I’ve always been drawn to the Romantic vision of nature. National Poetry Day 4th October 2012 set me thinking about Gerard Manley Hopkins, Romantic poet, and his notion of inscape – the unique attributes of a certain landscape – and instress – the surge of feeling it creates, and how landscape filters and illuminates our thinking.
Manley Hopkins used metaphors of landscape to illuminate his own inner (and rather tortured) landscape. Subsequently, the idea of inscape has been re-interpreted by the visual arts and in psychoanalysis to represent the psyche as an interior landscape. I suggest inscape captures the psychological restorative experience we have when interacting with natural settings … more apt today than instress which – over time – has assumed negative health connotations.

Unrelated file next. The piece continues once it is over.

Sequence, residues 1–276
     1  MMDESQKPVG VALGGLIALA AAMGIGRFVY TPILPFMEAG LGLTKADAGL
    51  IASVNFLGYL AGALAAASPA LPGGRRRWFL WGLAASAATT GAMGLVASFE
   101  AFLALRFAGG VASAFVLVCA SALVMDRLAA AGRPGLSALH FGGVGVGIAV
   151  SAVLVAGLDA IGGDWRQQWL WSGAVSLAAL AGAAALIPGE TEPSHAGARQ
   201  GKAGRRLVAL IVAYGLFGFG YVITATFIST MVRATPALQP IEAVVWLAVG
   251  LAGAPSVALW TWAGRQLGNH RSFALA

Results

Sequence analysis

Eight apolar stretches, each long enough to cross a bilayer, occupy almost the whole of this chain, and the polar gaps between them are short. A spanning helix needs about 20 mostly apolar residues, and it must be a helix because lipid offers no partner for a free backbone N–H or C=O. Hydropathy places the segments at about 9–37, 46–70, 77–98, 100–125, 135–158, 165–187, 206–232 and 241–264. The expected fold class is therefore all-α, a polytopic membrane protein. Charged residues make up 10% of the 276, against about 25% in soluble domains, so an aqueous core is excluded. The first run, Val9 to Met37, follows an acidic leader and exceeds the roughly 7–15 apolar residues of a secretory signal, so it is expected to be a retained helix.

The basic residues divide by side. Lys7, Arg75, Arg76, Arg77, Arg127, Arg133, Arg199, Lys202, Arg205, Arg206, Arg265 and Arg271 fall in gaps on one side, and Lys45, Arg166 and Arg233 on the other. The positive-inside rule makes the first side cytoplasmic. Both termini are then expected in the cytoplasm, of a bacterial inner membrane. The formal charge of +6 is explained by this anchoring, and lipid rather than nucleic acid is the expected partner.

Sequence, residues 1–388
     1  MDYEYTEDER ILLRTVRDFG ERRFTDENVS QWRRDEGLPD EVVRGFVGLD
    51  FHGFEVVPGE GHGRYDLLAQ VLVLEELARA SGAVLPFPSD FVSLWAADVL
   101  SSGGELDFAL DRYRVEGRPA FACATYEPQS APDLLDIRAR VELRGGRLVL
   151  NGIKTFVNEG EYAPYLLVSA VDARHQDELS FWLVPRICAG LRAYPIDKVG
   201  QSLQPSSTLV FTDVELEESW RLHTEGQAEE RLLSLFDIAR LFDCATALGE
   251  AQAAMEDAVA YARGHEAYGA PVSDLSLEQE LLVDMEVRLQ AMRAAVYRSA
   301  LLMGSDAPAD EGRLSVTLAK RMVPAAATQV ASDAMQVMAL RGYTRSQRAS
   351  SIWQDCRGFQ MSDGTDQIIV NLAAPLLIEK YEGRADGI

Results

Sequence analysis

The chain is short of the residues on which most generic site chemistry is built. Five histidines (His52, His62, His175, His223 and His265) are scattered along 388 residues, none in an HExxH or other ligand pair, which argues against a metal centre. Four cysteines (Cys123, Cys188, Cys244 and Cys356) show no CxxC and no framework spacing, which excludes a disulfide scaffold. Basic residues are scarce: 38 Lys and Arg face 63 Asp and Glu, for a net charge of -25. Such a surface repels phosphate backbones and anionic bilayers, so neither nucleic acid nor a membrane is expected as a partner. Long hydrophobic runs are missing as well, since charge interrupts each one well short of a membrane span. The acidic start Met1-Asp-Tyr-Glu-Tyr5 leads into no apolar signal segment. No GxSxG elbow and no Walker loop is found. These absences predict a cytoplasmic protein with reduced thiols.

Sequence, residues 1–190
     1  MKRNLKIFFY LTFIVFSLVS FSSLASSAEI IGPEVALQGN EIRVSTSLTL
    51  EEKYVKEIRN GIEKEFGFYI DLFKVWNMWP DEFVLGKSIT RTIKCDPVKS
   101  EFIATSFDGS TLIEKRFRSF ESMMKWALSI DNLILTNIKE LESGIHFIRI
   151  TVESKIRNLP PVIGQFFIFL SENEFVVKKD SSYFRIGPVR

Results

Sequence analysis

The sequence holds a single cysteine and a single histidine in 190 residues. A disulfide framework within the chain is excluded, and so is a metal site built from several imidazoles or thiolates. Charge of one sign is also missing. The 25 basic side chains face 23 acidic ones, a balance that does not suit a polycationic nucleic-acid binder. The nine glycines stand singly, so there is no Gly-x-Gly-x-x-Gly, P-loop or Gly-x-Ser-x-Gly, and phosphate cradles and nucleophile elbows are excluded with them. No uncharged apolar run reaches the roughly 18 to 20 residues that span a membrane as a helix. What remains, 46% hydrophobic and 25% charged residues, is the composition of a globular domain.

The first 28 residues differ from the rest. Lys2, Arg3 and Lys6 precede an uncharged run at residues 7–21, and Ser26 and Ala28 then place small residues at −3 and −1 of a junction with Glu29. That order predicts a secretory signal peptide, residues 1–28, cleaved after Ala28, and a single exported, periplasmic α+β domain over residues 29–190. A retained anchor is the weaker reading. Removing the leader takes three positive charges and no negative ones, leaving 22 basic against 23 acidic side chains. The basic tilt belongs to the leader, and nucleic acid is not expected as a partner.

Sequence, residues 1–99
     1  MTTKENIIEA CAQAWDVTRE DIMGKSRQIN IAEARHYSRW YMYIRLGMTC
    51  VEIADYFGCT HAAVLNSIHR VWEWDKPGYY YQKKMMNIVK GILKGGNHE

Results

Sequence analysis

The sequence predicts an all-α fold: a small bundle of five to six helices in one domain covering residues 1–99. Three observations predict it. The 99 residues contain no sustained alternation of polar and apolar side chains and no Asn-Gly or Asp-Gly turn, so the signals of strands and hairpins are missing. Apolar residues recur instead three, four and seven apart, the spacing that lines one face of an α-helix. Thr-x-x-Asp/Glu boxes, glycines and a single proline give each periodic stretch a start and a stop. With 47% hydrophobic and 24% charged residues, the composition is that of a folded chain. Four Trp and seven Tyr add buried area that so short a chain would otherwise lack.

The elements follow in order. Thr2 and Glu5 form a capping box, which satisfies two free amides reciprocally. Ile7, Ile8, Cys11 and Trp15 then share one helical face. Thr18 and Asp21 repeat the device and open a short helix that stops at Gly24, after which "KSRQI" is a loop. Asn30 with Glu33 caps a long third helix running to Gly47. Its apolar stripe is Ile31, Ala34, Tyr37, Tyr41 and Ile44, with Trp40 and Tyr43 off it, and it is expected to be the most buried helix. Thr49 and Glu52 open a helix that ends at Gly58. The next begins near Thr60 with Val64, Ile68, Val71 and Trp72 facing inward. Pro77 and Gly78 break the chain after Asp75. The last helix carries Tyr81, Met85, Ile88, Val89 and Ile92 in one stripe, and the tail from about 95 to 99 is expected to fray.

When I’m in the landscape there’s a constant dialogue going on between the outer and the inner landscape, an interchange that is permeated by my experience of the place and vice versa. Robert McFarlane in his book The Old Ways articulates this reciprocal relationship between place and person when he enquires;
‘…. the two questions we should ask of any strong landscape are these; firstly, what do I know when I am in this place that I can know nowhere else? And then, vainly, what does this place know of me that I cannot know of myself’
So, I wonder what do places make of us? It’s an interesting thought.